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Title: Optimal control of an internal combustion engine and transmission system
Author: McLean, Donald
ISNI:       0000 0001 3625 5804
Awarding Body: Loughborough University of Technology
Current Institution: Loughborough University
Date of Award: 1973
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The control of an internal-combustion engine such that it will produce its required output, with a minimum consumption of fuel, even in the presence of random load disturbances, has become a necessary requirement for future prime-mover and vehicular applications. This thesis is concerned with an attempt to produce a practical scheme to meet that requirement from a study of several methods of achieving optimal engine regulation and a method of obtaining optimal start-up. An attempt was made first to identify the response of the engine-transmission-load combination with a mathematical model obtained by the use of computers. The servo-mechanism associated with the throttle was identified also, and then a complete state-variable description of the system was obtained. Next an automatic gear-changing scheme was designed and implemented. With the availability of this practical system an optimal control function was generated then to implement optimal start-up. The optimal function was calculated by solving the associated multi-point boundary value problem by means of technique of quasi-linearisation. To subject the system to random loads an artificial road was simulated, and a scheme was devised to vary the dynamometer loading in response to this 'road' signal. The remainder of the thesis is concerned with a study of several different methods of obtaining optimal or sub-optimal schemes of regulation and with comparisons of experimental results and the results from associated theoretical computer studies. Many suggestions for further investigations are contained in the final chapter.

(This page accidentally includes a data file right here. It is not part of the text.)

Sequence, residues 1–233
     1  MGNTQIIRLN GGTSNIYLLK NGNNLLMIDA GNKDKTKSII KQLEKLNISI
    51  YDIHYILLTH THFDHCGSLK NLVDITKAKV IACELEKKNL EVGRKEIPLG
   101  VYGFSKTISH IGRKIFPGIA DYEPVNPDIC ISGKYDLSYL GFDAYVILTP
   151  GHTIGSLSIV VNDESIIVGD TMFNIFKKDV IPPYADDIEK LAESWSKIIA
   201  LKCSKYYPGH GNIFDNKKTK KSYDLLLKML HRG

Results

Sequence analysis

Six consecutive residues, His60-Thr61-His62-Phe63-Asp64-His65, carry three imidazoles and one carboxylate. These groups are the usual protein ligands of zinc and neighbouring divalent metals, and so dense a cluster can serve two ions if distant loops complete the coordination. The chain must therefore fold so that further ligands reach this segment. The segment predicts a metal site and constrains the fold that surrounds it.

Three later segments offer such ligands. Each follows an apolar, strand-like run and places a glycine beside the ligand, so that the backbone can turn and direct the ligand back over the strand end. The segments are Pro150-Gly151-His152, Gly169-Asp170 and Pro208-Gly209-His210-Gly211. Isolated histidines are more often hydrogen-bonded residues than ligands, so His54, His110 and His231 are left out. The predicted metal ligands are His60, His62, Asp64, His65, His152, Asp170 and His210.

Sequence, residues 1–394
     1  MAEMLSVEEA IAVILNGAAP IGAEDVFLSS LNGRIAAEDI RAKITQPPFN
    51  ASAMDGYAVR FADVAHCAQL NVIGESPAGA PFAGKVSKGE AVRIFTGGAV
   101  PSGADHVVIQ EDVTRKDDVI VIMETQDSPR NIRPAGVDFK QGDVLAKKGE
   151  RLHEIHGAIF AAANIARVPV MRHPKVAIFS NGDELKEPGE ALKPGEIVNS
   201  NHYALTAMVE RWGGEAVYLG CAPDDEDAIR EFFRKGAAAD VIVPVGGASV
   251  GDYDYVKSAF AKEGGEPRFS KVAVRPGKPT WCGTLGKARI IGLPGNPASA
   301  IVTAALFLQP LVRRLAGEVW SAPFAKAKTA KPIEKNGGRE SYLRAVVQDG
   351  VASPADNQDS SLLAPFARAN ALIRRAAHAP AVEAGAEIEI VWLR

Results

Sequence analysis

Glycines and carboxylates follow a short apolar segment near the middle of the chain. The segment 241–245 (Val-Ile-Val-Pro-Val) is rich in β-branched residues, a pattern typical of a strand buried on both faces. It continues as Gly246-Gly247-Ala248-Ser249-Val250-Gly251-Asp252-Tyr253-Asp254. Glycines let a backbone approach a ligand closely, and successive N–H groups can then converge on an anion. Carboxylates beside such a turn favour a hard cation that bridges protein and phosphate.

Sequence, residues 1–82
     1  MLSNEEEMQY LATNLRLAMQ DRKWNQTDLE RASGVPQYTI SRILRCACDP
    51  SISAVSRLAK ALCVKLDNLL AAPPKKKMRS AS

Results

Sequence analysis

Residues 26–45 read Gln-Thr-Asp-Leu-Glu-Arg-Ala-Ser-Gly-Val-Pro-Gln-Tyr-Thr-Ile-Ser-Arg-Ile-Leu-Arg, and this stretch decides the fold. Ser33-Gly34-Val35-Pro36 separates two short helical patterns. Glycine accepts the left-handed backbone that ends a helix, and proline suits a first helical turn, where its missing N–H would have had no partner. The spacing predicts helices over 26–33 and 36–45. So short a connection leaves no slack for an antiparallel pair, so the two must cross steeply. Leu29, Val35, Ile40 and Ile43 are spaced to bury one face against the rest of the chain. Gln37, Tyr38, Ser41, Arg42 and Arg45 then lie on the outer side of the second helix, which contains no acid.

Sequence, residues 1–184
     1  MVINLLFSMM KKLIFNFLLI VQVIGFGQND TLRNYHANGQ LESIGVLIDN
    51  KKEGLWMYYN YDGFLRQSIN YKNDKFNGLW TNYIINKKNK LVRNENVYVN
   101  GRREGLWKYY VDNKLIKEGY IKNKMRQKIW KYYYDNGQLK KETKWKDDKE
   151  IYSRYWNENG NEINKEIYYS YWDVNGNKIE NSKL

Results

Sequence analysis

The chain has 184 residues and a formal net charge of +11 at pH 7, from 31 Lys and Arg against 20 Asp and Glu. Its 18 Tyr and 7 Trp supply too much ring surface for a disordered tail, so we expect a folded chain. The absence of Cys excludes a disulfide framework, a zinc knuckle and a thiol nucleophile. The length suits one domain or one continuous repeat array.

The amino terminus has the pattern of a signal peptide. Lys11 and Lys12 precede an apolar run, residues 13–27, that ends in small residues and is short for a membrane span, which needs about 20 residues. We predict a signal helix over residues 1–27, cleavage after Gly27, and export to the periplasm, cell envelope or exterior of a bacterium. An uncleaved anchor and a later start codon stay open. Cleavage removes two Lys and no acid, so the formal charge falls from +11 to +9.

Supervisor: Not available Sponsor: Royal Air Force
Qualification Name: Thesis (Ph.D.) Qualification Level: Doctoral
EThOS ID:  DOI: Not available